Previously, I wrote about the importance of doing the real thing. Skills are narrow. Transfer is hard. Fake substitutes work less than you think.
Yet getting stuck on the fake stuff is easy. The writer who doesn’t publish anything. The artist who buys paint but struggles to put it on canvas. The entrepreneur that spends more time on business cards than getting clients.
I say this not to scold, but to remind myself. I trick myself into fake efforts more than most. Cleverness can be an enemy, as it enables elaborate justifications for why you don’t need to do the real thing.
With this in mind, I’d like to turn to some of the obstacles to the real thing. Why do we get stuck on fake stuff? What can we do to focus in on what actually matters?
Are Your Barriers Inside or Out?
There’s two flavors of obstacles you might face: inner and outer.
Outer obstacles are the ones we expect. You can’t do real work because nobody will give you a real job. You’re learning French, but the trip to Paris got cancelled. The playing field is out of bounds.
In these cases, substitutes are necessary, but they should approximate your target as closely as possible. French from a tutor on Skype isn’t exactly the same as living in France, but it’s directionally correct. You’ll just have to fill the gaps when the real situation arrives.
Designing practice efforts to faithfully train real skills can be tricky. Asking a few questions can help:
- What knowledge would I need for the real situation? A French conversation over Zoom won’t include how to order a pain au chocolat by default. Anticipating what you’ll need to know can help you integrate it into your practice.
- Are components of the skill removed during practice? Learning salsa dancing in classes, where both partners know the same steps, may not transfer well to social dancing where one person is expected to take the lead. What’s missing here is a skill: using your body to show what comes next. Skill gaps can be problematic because they may reduce your effective ability to zero in the real environment.
- Will you be able to recognize when to apply abstract ideas? Reading a business book is only helpful if you spot where its advice applies. This is a major challenge of academic classes, where transfer often fails not because students don’t learn the material but because they can’t connect it with a new context.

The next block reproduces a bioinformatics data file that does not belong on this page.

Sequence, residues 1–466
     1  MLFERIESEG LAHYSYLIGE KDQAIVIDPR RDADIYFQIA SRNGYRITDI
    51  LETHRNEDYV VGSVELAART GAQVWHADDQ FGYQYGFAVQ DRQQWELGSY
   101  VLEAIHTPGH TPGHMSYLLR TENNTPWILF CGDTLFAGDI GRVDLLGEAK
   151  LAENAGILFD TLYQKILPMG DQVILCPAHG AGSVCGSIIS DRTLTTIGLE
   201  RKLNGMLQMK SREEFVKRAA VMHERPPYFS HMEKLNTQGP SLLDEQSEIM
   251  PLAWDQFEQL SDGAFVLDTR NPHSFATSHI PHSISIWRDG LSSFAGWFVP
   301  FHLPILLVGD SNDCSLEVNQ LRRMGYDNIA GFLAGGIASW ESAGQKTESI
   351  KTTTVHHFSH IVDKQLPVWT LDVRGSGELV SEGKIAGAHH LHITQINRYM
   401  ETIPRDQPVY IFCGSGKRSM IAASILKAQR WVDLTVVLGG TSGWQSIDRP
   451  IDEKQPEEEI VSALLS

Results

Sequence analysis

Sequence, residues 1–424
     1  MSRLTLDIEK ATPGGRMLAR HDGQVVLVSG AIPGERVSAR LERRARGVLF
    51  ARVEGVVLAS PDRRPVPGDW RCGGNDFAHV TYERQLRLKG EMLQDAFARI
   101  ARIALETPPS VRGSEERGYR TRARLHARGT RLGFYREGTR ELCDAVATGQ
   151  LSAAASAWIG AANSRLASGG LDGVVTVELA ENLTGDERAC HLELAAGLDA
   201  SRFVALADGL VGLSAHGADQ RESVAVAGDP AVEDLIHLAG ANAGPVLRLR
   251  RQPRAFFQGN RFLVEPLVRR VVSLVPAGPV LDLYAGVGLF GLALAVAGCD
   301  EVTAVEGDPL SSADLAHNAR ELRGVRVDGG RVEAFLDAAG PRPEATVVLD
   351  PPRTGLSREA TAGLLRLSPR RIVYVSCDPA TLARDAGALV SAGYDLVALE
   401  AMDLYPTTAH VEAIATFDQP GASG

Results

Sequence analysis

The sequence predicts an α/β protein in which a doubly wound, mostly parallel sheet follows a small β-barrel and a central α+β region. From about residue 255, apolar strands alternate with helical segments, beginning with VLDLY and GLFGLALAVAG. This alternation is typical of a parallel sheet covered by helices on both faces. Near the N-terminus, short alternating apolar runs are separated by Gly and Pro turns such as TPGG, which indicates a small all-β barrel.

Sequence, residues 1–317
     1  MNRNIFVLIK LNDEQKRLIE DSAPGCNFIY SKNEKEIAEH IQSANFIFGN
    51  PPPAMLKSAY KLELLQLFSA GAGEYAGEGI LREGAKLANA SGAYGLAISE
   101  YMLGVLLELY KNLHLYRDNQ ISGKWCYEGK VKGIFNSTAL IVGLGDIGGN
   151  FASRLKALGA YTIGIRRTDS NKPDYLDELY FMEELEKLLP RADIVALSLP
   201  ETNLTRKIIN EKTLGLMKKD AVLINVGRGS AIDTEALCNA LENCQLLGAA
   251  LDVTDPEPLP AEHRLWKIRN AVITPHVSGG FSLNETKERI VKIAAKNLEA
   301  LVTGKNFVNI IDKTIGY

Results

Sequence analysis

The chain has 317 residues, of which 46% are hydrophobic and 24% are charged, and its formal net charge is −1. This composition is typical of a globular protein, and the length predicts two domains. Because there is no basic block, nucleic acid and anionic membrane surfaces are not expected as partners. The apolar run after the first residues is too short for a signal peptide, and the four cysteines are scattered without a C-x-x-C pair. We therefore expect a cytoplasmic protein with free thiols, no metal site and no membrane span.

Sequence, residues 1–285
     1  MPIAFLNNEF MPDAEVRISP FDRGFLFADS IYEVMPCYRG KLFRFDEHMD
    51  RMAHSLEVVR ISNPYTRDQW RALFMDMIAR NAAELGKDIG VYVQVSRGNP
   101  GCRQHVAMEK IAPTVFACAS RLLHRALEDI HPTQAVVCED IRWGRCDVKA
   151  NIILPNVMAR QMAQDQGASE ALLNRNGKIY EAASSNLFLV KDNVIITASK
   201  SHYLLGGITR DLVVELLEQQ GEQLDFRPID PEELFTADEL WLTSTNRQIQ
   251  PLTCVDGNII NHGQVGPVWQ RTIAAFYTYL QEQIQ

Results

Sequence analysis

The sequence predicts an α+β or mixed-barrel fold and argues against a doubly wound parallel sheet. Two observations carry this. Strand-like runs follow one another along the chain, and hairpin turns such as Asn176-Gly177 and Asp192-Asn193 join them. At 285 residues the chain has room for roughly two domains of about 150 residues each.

Despite this difficulties, I’m less concerned about this kind of obstacle. Yes, it can be embarrassing to realize you don’t know how to dance well your first time, or you can’t paint a picture without someone else showing you the steps, but those aren’t insurmountable obstacles. They’re just a bit of extra work to fill in the gaps.
Inner obstacles are the dangerous ones. These occur not when real practice is impossible, but when you avoid doing it. Unlike barriers in the outside world, they often result not in imperfect practice, but no work at all.
Inner Obstacles to the Real Thing
The academic who spends more time on Twitter than writing papers has an inner obstacle. Of course she could work on her research, she just avoids it.
Sometimes this avoidance is obvious and we simply call it procrastination. While procrastination is a major problem, enough ink has been spilled about it that I don’t think it needs further discussion.
What’s dangerous about inner obstacles is that we often seek to justify them. You’re not doing practice tests because you’re not ready—best to look over your notes a few times first. You’re not signing up customers because the product needs to be perfect first.
The danger is especially acute because sometimes the excuse is valid. Many skills are too big to be learned in one go, so they need to be broken down and built up. Nobody learned quantum mechanics without first mastering algebra. To get the real job you need to be qualified first. Diving in only makes sense if your skills were nearly there already.
Of course, if there were no mental barriers, such problems are mere planning. The person who loves math doesn’t mind drilling algebra and calculus before moving to differential equations. The person who loves art, doesn’t mind doing tonal studies before adding color.
The problem is that the preliminary step gets turned into a permanent substitute. What started as watching a few tutorials to get some tips, turns into an obstacle for actually getting started. The line between help and hindrance is blurry, but you’ll know when you’ve crossed it.
Overcoming Inner Obstacles
Getting over your inner obstacles has a few steps:
- Recognize when you’ve fallen from the path. Ask what the best way to make progress would be, if fear and frustration were no obstacle. Then compare that to what you’re actually doing. You can’t overcome an obstacle if you don’t notice it blocking your path.
- Reduce friction for the real thing. Set up your working space. Block off time in your calendar. Give yourself permission to fail at first. The real thing is necessary, but there are many ways to make it easier to attack.
- Point out what are actually distractions. Fake efforts become insidious when they feel like progress. When you’re using them to avoid doing the actual work, call them what they are—distractions.
The biggest obstacle is self-deception. An obstacle that could be overcome is rationalized as just being part of the path. There’s no surefire way to dispel these illusions. Is it preparation or procrastination? If the answer was obvious, self-deception wouldn’t be common.
I think if you can become more sensitive to spotting these traps, you’ll fall into them less often. “Am I doing the real thing?” ought to be asked each time you get to work. If the answer is no, you need to proceed with caution.